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Some of you old bastards (like me) might remember the book from the 80s titled Death in the Locker Room. It was a book that, in my opinion, was typical of the Nancy Regan era in that it fell in line with the “Just Say No” drug campaign, with commercials that showed an egg frying in a pan with the mantra “This is your brain on drugs.” Steroids came on big in the 80s, pushing out of the subcultures of bodybuilding and weight lifting and into track and field and other professional sports. This book was written to basically deter steroid use under the pretense that steroids will kill you.

I was only a teen when the book came out (I was still in high school), and I read FLEX magazine for the bible that it was at that time. I wanted nothing more than to get, as my elitefts™ shirts say, “hyooge.” Even as a dumbass teen, I figured that even if steroids weren’t a good idea, they likely weren’t killing people left and right because guys like Arnold didn’t seem to be very dead or appear to be sliding six feet under anytime soon. I was buying the notion that steroids would kill me about as much as I was buying that my brain would fry in a skillet if I smoked reefer. (I was going to go with “blunt,” but reefer was a more accurate 80s colloquialism. I hope my efforts are appreciated.)

Herein lies the problem. It appears that it has taken me 32 years to come back around to where I think there was more to that book than I thought at the time. The reality is that bodybuilders, strength athletes and just regular Joes who have trained for years have started dropping over dead, and the bodies are beginning to stack up so to speak.

There always seemed to be a lack of body bags back then to back up the argument that steroids were killing people, or was it simply that we didn’t have the reach that we have today with social media? There could have been deaths that simply weren’t discussed because those deaths didn’t make it into the papers or on to the news because that was really the only way we would have heard about them. Today, we hear everything in real time because social media is so far reaching. Had we had social media then, would we have heard the same things then that we do now?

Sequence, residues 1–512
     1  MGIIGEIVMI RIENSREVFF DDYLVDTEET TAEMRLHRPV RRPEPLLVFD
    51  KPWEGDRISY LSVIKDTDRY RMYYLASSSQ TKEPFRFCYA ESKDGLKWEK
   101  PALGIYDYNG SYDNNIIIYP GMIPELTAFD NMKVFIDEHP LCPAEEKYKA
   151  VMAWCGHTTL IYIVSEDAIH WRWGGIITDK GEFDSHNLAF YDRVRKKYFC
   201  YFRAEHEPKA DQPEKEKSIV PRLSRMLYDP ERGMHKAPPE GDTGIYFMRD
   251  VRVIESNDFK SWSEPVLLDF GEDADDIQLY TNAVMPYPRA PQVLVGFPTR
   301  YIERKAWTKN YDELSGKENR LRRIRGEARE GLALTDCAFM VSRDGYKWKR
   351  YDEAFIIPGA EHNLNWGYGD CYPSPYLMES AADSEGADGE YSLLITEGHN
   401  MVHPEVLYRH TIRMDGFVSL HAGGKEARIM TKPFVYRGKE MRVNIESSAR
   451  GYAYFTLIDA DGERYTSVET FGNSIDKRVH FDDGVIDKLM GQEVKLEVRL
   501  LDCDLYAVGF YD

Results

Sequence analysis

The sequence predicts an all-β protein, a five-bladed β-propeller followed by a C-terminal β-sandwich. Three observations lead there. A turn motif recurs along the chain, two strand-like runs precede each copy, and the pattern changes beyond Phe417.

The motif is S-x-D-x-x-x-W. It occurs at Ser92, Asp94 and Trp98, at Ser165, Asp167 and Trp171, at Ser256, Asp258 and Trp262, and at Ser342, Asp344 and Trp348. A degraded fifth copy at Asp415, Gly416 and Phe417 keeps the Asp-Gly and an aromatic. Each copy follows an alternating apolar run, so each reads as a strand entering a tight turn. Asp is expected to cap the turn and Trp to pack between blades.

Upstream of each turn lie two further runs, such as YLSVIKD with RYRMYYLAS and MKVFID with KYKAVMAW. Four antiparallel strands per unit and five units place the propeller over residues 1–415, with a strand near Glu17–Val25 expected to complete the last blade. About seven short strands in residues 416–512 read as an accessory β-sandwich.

For those pro-steroid people reading this who are getting more and more pissed as they get deeper into this article, settle down. Even if you don’t believe that steroids kill, you have to admit that there is quite a body count within the last four or five years of guys who have used steroids extensively dying from either heart-related deaths or kidney failure. This is essentially undeniable I would think. Whether it's coincidence or the numbers are in line with the regular, non-steroid using population can be debated forever.

This list of premature deaths of people who have admitted to extensive steroid use is alarming to me. It seems the typical age for heart-related deaths and kidney failure in this demographic is roughly late 40s and sometimes early 50s. To a 23-year-old kid, sure, this seems pretty old, but I can assure you that when you get to be 45 and still feel 23 (don't laugh you young bastard; it's true), this could be concerning to you based on your past decisions.

Whether steroids cause premature death, I'm unsure. I'm not a doctor and I don’t play one on the internet. Just because a doctor says that steroids will kill you doesn’t make it true. Even the dumbest doctor is more intelligent than I am, but let’s be honest here. Many doctors have matter of fact opinions on a lot of shit and, when you start asking more questions, you find out that they don’t know as much as they thought they did and they get irritated that you're asking so many questions. I remember clearly how in 1988 I was going through the Physician’s Desk Reference (PDR) in class (because looking up steroids was far more fun than doing algebra), and for every single steroid compound listed in the PDR, there was an asterisk that stated clearly: “anabolic steroids do not increase athletic performance.” If you read something so stupid in such a well-respected journal, you tend to lose trust in other opinions from the medical community.

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What isn't debatable is that steroids will increase the risk of heart disease and potential kidney issues. Now just because you smoke cigarettes doesn’t mean you'll get cancer. Just because you use steroids doesn’t mean you'll die from them. Just know that use will increase the risk, and these two areas where risk is increased correlates with the large amount of untimely deaths in the last four or five years. Steroid compounds increase blood viscosity (rbc/hemoglobin/hematocrit). This makes the heart work harder and it makes the blood more likely to clot (read stroke). The size of the heart will increase as well. A normal and common side effect of steroid use is high blood pressure, and high blood pressure over the long term will contribute to poor kidney function. Though some individuals will have more severe symptoms than others, the side effects listed here are undeniable.

To be clear, I didn't write this article to take a stance either against steroid use or for it. I don’t care what you or anyone else does with your life or your body. That's your business, not mine. The point that I'm trying to make is that we need to take a much closer look at what appears to be a connection to steroid use and a lot of guys not living to see 50 years old. In my estimation, the majority of long-term steroid users don't think that steroid use is a health concern. At least if you are going to make the decision to use steroids, you should want to have accurate information on what the consequences could be long term. I know I would want to know, and I think we need to take a closer look. Just sayin’.